Archive for March, 2010

Radio-controlled glider reaches 391 mph

Wednesday, March 31st, 2010

Here’s the news (at least to me), 15 years late. Turns out hobbyists have done something called dynamic soaring using radio-controlled (RC) gliders since the late 1990s. The current record (unofficial) stands at 391 mph. You can learn more about it here.

Here is a video of an actual successful speed record attempt. The gliders pull high Gs and use composite construction to take the load. I wonder what the G load would be on a full-size, piloted glider doing the same thing on a larger scale? I doubt there are any built that could take it, assuming first that the pilot could stand it.

Are most fog-related accidents fatal?

Tuesday, March 30th, 2010

Roughly three-fourths of the time, aircraft accidents in fog are fatal, the AOPA Air Safety Foundation (ASF) has discovered. There is no clearcut “fog” category in the accident statistics studied by the AOPA ASF, so the term “fog” must necessarily include “obscuration, ” and “below minimums.” Included in the AOPA ASF review were pilots on IFR flight plans, those on VFR flight plans, and those not on a flight plan. Here’s what David Kenny, the AOPA ASF researcher for accident statistics, discovered.

Those on no flight plan who had an accident that included the above weather conditions between 1998 and 2007 led the fatal category with 203 fatalities. But those on IFR flight plans came in second with 106. Those on VFR flight plans were much lower, with only 49 fatalities over the nine-year period.

Part 91 operations in fog, obscuration, and below minimums conditions led the statistics with 340 fatalities. In second place were charter operators with only 38 fatalities.

What’s the conclusion? Kenny has these observations: “The relatively low number of fog accidents [for aircraft] on VFR flight plans–and the high number on flights that didn’t file any–probably says something about the risk attitudes and flight practices of the pilots involved. IFR pilots are expecting low visibility, so reports of fog won’t necessarily deter them from trying the approach, but it [fog] will make things get bad in a hurry if [the pilot] gets off course or goes below minimums.”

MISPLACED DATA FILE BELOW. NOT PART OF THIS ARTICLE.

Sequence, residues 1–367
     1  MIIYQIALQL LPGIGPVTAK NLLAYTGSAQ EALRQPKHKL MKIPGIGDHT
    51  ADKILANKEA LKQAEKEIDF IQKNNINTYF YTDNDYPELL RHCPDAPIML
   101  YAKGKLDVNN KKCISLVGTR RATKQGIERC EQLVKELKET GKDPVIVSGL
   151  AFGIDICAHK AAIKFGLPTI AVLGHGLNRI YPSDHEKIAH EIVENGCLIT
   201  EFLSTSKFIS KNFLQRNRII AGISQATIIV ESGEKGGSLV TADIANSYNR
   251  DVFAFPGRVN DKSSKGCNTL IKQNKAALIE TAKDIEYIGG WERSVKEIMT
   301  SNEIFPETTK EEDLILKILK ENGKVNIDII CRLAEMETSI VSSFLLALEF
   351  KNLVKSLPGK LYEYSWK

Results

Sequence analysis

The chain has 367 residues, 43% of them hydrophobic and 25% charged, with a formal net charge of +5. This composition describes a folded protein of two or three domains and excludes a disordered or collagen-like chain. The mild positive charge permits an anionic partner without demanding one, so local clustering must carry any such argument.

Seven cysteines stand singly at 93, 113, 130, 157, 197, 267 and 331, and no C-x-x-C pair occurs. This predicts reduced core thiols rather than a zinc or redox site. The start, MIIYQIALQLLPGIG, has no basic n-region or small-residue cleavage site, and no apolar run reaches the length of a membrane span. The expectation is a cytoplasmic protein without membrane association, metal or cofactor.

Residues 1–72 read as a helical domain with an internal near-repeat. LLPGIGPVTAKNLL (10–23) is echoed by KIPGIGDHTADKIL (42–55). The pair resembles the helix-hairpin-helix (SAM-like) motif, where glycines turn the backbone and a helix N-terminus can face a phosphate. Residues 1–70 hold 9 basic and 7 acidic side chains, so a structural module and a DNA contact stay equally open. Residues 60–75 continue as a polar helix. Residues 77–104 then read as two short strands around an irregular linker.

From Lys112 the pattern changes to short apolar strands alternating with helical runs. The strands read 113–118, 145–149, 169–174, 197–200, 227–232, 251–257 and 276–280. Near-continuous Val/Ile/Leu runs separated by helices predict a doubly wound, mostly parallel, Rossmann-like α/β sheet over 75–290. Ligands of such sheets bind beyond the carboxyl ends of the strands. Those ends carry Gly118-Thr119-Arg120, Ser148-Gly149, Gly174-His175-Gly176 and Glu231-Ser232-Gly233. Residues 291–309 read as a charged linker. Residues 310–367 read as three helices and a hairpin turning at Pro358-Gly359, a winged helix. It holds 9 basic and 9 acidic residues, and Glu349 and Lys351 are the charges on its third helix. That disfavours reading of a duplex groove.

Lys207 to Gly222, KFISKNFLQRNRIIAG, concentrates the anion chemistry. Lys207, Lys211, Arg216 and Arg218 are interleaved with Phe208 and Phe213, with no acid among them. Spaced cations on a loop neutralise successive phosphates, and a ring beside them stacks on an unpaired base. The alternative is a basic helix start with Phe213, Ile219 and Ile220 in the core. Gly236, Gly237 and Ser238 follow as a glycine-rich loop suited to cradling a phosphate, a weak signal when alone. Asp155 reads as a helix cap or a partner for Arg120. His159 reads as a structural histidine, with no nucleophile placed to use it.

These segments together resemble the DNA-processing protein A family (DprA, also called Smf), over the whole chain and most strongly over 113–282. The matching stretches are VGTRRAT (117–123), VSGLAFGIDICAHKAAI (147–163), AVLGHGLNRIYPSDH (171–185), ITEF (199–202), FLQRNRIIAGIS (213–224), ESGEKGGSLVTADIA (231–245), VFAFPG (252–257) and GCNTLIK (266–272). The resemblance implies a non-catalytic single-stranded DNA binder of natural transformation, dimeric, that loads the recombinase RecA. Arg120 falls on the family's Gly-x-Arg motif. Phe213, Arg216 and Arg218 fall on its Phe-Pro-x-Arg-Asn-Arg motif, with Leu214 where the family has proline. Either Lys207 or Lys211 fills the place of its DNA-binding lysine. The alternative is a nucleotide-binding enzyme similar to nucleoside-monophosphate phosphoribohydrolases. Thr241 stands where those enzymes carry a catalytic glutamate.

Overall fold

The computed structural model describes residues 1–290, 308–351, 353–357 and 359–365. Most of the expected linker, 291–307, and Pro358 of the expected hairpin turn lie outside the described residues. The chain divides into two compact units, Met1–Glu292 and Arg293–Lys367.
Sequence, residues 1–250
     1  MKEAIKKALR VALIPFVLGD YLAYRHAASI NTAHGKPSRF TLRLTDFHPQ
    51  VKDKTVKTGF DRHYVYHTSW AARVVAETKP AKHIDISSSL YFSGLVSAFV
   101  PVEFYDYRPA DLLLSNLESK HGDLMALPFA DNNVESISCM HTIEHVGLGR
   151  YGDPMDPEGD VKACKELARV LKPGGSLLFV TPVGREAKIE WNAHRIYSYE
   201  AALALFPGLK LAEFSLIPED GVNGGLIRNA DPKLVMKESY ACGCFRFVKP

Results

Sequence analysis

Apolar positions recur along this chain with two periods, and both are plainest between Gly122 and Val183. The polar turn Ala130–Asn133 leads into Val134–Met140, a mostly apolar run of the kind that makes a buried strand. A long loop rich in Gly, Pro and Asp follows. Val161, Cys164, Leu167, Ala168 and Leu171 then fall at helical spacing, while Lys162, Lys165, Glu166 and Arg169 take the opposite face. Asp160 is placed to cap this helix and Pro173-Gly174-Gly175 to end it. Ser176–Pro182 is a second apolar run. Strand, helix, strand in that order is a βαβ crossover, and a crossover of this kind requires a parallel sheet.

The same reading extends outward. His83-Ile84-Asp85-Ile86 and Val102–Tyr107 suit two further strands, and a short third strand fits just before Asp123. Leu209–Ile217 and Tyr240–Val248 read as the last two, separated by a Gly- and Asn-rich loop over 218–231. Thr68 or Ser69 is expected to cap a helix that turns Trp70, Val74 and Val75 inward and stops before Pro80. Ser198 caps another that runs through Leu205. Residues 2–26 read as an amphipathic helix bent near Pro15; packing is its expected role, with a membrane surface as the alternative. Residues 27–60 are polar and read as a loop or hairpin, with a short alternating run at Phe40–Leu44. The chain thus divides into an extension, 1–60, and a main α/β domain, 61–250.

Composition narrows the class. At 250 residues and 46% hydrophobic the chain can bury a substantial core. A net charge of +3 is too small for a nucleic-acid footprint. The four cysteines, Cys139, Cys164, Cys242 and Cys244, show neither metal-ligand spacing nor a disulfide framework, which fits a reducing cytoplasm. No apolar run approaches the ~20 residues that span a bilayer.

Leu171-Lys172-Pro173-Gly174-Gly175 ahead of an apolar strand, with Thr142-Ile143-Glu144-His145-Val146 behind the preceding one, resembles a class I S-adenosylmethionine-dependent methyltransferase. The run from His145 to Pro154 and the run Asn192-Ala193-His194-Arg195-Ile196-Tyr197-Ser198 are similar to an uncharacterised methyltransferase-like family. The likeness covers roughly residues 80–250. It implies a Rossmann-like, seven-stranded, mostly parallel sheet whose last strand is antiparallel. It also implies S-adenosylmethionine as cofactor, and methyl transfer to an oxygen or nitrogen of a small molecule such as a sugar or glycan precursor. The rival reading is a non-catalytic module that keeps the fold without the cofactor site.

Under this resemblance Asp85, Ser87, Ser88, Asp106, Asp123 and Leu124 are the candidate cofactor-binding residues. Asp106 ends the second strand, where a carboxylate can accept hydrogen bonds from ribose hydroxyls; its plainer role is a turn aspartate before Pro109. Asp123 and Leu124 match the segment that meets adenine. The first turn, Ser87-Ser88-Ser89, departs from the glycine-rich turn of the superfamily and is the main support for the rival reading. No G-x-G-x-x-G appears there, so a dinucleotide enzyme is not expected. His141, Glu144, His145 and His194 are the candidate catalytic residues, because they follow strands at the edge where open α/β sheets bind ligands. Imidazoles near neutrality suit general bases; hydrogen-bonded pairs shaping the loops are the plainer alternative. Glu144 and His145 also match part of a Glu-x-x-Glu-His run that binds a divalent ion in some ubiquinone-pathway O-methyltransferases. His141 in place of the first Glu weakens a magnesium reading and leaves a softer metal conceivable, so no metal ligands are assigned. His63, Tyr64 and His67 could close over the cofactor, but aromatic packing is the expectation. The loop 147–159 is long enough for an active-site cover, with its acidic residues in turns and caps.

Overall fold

If reality TV called, would you answer?

Thursday, March 18th, 2010

Jake the pilot bachelor

Even if you don’t watch “The Bachelor” (and I don’t know anybody who admits to watching “The Bachelor” ) you may have heard that last season’s contestant was a pilot. A commercial pilot named Jake. He’s since joined the latest group of contestants on “Dancing with the Stars” (along with astronaut Buzz Aldrin, who was profiled in the April issue of Flight Training).

Now we hear that pilot shows are being shopped. Reportedly there’s a show about an Alaskan female bush pilot in development, although I couldn’t find any more details. More recently, however, a rep for a company called Lion TV posted this invite on the Pilots of America message board. Lion TV’s credits include “Cash Cab” and “History Detectives.” So is this a good idea? Bad idea? Horrifically bad idea? None of the above? Given reality TV’s spotty record for crafting what it thinks makes for compelling TV, I know what my answer would be–but what do you think?